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The science of fireworks explained: Chemical reactions at 1,000 feet – Los Angeles Times   Leave a comment

The science of fireworks explained: Chemical reactions at 1,000 feet – Los Angeles Times.

“The science of fireworks explained: Chemical reactions at 1,000 feet

ChemistryWashington College (Maryland)Chestertown
A bona fide pyrotechnics experts explains the chemistry that makes fireworks possible
‘Everything you see in a fireworks display is chemistry in action’

All across the country, Americans will wrap up their Fourth of July celebrations by watching the sky light up with fireworks. If you’re going to be one of them, you have chemistry to thank.

Fireworks displays have become increasingly sophisticated and spectacular, but the chemical reactions that make them possible are pretty basic, according toJohn Conkling, an adjunct chemistry professor at Washington College in Chestertown, Md., and past executive director of the American Pyrotechnics Assn. Conkling literally wrote the book on fireworks — it’s called “Chemistry of Pyrotechnics: Basic Principles and Theory,” and it was first published in 1985.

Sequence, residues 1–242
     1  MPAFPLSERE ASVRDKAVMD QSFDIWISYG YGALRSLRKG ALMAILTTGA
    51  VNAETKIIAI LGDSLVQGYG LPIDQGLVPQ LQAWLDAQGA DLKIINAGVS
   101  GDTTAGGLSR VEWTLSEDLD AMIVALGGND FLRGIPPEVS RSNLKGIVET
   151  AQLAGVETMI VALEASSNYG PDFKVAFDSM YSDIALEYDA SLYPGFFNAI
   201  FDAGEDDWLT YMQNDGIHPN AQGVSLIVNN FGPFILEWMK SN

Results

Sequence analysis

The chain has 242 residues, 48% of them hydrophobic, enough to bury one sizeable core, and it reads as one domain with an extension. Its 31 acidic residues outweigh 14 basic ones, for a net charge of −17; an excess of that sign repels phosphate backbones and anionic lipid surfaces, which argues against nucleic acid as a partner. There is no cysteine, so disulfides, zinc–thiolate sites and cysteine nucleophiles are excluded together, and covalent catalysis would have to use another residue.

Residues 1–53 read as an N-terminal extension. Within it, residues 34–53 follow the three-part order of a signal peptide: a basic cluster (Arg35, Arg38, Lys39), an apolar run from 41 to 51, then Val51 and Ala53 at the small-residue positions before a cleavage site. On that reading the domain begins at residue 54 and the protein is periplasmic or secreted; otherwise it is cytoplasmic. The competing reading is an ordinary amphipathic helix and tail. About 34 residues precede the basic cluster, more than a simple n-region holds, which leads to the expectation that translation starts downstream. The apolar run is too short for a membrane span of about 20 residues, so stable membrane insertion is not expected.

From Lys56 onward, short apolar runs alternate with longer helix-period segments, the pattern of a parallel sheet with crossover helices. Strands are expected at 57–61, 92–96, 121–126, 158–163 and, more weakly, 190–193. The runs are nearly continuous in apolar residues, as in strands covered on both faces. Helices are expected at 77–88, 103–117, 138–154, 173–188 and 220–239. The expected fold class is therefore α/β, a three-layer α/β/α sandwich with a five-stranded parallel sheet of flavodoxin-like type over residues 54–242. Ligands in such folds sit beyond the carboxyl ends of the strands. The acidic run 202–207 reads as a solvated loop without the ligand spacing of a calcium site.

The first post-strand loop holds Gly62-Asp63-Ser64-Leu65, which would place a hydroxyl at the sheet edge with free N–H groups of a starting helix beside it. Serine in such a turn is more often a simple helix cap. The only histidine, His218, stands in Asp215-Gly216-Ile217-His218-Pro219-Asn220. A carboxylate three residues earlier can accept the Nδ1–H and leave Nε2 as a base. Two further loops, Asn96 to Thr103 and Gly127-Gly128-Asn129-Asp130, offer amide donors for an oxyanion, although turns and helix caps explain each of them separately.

As Conkling explains in the video above, all fireworks have two essential ingredients — a chemical that’s rich in oxygen (different types of these chemicals produce different colors when they burn) and a chemical that serves as the fuel (different fuels burn at different rates and temperatures).

“Without chemistry, you wouldn’t have the burning mixtures, Conkling says. “Without the burning mixtures, you wouldn’t have fireworks.”